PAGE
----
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NICM - An Umbrella for Evidence-Based Complementary Medicine

Peter Sayers

The National Institute of Complementary Medicine (NICM) is an organisation established to provide leadership and support for strategically directed research into complementary medicine, and the translation of that evidence into clinical practice and relevant policy, to benefit the health of all Australians.
It is an organisation that generates much needed credibility for the complementary medicine area and will do much to temper improper use of these medicines and moderate unwarranted criticism.
Polarisation of these two extremes has occurred, generating confusion among health providers.

Comments: 2

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The Right to Die

Neil Johnston

For the last decade, Australians have been talking about their average age increasing, to the extent that at least 25% of the population will be over the age of 64 within twenty years.
With that increase in age comes an increase in lifestyle illness and the need to invest in aged care facilities and to provide funding for medicines on the PBS that will increasingly be utilised.
It seems demand will outstrip available resources.
But another social/ethical issue accompanies the ageing process and lifestyle illness, and that is quality of life.
What purpose is there to living a long life if it has no quality or becomes too unbearable and draining for the individual and their surrounding family?
So when somebody decides they wish to die ahead of schedule because of unbearable pain and suffering they suddenly find that right has been taken away from them by politicians.
Euthanasia is a subject that has been kept under the radar for a long time but containment now appears impractical as evidence of suffering will simply increase with the volume of aged persons.

Comments: 3

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UK Walk-In Clinics Gain Traction

Staff Writer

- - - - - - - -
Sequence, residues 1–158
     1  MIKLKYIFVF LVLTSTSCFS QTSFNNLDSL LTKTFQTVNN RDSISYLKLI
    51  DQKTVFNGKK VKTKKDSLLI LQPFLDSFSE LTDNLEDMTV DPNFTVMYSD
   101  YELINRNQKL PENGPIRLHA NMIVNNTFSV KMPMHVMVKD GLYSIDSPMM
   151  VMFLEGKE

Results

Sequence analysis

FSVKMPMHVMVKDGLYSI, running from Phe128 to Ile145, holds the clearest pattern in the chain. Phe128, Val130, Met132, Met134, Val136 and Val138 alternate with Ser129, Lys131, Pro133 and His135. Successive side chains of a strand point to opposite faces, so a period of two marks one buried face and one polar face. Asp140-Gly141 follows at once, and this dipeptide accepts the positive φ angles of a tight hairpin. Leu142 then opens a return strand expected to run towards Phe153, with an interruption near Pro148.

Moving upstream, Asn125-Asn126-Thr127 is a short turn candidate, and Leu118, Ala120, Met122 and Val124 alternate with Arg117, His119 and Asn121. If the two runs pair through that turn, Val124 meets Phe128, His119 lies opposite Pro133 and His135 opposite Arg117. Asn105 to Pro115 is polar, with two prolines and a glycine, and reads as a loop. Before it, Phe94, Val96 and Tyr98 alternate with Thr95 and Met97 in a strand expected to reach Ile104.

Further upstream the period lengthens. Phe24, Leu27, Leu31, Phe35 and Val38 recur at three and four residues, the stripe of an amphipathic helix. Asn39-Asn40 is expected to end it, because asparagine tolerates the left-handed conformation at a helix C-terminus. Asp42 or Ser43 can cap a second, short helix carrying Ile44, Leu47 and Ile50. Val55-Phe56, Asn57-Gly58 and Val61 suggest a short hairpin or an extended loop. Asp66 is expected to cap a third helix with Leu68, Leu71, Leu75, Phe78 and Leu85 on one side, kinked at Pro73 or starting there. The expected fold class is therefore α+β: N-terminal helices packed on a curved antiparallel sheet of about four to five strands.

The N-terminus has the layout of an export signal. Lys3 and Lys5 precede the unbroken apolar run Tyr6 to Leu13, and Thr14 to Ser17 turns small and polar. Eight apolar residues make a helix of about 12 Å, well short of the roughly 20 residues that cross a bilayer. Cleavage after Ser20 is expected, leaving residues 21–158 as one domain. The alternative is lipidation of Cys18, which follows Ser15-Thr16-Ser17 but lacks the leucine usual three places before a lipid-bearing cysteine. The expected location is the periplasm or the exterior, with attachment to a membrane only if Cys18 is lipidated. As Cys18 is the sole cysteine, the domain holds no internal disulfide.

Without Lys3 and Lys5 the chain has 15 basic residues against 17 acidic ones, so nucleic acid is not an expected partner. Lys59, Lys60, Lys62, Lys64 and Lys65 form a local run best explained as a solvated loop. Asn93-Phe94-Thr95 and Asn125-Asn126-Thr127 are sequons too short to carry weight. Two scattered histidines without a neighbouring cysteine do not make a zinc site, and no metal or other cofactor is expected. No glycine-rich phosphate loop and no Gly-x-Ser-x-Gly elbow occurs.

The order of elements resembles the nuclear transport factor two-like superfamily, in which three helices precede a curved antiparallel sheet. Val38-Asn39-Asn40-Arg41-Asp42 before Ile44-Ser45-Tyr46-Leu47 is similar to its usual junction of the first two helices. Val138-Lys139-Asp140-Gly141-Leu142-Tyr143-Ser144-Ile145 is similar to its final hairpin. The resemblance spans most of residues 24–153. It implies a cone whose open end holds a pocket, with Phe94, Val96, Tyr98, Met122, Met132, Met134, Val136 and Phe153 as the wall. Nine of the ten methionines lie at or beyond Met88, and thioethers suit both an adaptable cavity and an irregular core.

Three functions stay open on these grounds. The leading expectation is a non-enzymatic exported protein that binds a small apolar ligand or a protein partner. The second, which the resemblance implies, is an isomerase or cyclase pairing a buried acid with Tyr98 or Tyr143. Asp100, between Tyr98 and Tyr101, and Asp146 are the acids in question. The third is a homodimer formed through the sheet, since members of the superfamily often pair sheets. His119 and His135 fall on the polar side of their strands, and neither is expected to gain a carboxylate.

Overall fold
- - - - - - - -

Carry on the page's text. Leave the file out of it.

Walk-in clinics in pharmacy is an idea that is now gaining traction around the world.
Long established in the US, they are now appearing in the UK - with one great difference - the UK model is staffed mostly by pharmacists with only a small number of nurse-led clinics.
All are funded by government.
If this type of clinic was to gain sufficient traction in Australia, plus receive government funding, an easing of the oversupply of pharmacists in some parts of Australia would possibly result, as well as ease pressure on GP's.
Boots, a chain pharmacy group in the UK is providing walk-in services during extended hours to ease pressure on GPs and hospitals.
Pharmacists at a Boots store in Edinburgh have started to provide walk-in services during extended opening hours this month as part of the Pharmore pilot project funded by the Scottish Government.
It's really just a more professional and properly resourced version of the old style counter prescribing, but this time in privacy, plus being paid for the service.

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Promising climate research awarded

Staff Writer

Dr Deanna D'Alessandro has been recognised for her promising research into climate change.
A University of Sydney researcher has won recognition for her groundbreaking work into capturing carbon emissions, which has the potential to significantly impact climate change.
Dr Deanna D'Alessandro, a postdoctoral fellow based in the School of Chemistry, is one of three female researchers to be awarded a L'Oréal Australia For Women in Science Fellowship.

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New therapy could combat the weight loss and muscle wasting experienced by cancer patients

Staff Writer

Deakin University medical researchers are working on a treatment for cancer cachexia, the debilitating weight loss and muscle wasting condition that affects patients with cancer.
Cancer cachexia has a major impact on quality of life for cancer patients. It can also inhibit the effectiveness of cancer treatments such as chemotherapy and radiotherapy.
There is currently no effective treatment.

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Prevention Saves Money and Lives

Staff Writer

University of Queensland and Deakin University researchers have  released a report with dozens of recommendations that strongly support more spending on prevention, but also warn that not all prevention measures are wise investments.
The Assessing Cost Effectiveness of Prevention (ACE-Prevention) project is the result of five years of research, funded by the National Health and Medical Research Council.
It is believed to be the most comprehensive evaluation of health prevention measures ever conducted world-wide, involving input from 130 top health experts.

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FIP Professional Innovation Grant

Staff Writer

Jonathan Penm, a PhD candidate at the Faculty of Pharmacy has just been awarded the Young Pharmacists Group (YPG) Grant for Professional Innovation 2010.
The announcement was made by the International Pharmaceutical Federation (FIP) Board of Directors during the 70th FIP World Congress of Pharmacy /Pharmaceutical Sciences in Lisbon, Portugal, which ran from 28th August to the 2nd September 2010.

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New Drug a Potential Treatment for Type 2 Diabetes